A number of federal laws and ordinances protect U.S. employees from discrimination in the workplace. These laws are enforced by the U.S. Equal Employment Opportunity Commission (EEOC). The EEOC is the main entity responsible for upholding and designating all employment laws in the United States, including federal job discrimination.
Here's a look at federal job discrimination laws.
Civil Rights Act of 1964 (Title VII). This act protects employees from job discrimination on the basis of race, color, religion, sex, or national origin. All aspects of employment are covered, including hiring, firing, promotion, wages, recruitment, training, and any other terms of employment.
Equal Pay Act of 1963. This act ensures that employees receive the same pay, benefits, and opportunities as those employees of the opposite sex who perform the same work in the same establishment.
Age Discrimination in Employment Act of 1967. This act protects workers who are 40 years of age or older from job discrimination that favors younger workers.
Title I and Title V of the Americans with Disabilities Act of 1990.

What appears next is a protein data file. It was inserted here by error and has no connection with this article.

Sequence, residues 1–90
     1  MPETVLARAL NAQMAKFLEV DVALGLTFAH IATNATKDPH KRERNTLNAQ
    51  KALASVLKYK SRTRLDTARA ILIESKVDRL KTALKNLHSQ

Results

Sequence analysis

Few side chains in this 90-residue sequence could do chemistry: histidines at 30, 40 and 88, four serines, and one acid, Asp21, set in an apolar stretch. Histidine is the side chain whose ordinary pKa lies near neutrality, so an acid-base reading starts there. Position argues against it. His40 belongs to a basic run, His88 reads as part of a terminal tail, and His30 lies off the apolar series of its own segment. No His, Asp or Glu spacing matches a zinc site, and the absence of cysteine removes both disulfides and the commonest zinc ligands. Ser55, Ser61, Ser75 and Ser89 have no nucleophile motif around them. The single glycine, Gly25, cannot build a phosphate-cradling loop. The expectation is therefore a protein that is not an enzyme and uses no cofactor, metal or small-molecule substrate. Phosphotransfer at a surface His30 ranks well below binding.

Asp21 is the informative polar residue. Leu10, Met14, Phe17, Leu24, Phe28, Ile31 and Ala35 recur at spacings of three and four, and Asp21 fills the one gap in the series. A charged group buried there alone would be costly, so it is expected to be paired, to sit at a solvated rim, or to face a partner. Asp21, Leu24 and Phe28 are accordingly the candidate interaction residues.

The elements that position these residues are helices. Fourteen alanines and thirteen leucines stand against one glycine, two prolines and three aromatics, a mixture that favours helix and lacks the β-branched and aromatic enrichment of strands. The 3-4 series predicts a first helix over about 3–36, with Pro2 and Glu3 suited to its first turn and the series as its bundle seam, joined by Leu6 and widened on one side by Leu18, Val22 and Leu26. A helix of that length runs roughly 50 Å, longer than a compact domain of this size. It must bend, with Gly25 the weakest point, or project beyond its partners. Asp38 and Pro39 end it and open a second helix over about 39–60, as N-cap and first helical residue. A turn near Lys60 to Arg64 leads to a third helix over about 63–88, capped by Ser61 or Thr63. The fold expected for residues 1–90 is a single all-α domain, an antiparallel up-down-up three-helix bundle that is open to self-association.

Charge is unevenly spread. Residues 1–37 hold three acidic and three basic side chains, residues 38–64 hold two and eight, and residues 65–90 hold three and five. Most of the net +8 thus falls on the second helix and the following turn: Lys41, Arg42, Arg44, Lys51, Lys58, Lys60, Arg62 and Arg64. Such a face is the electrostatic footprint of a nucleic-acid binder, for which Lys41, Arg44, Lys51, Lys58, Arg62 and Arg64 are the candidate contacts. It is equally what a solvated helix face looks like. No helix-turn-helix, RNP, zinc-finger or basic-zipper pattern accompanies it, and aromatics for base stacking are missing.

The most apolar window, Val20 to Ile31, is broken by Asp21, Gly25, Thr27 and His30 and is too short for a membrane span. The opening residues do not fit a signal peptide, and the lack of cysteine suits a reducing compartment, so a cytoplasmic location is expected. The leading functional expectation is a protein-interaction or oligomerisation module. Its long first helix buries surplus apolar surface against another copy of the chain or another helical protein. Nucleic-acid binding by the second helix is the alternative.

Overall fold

This act protects qualified workers with disabilities from job discrimination in the private and state and municipal sectors.
Sections 501 and 505 of the Rehabilitation Act of 1973. This act protects qualified workers with disabilities who work for the federal government from job discrimination.
Civil Rights Act of 1991. This act clarifies some of the ambiguous sections of Title VII, and provides monetary compensation for victims of federal job discrimination.
If you think you are a victim of job discrimination under one of these federal laws, you can file a discrimination charge with the EEOC. In addition, a charge may be filed on your behalf by another person to protect your identity. You can file a charge by mail or in person at the nearest EEOC office. Importantly, you must file a claim with the EEOC within 90 days of the alleged discrimination before a private lawsuit can be filed. You must provide the following information in order to file a charge with the EEOC:
The EEOC will then investigate the claim. It will either dismiss the case, attempt to settle the case, bring the case to federal court, or issue the charging party a "right to sue," which allows the party to seek private counsel and bring suit upon the employer directly.
In addition to federal laws, many states and municipalities have their own laws that protect employees against discrimination. Workers and applicants who feel they are being discriminated against in regard to sexual orientation, parental status , marital status, political affiliation, and any other personal choice that does not affect their ability to do their job can research local and state ordinances to see whether they have legislative protection.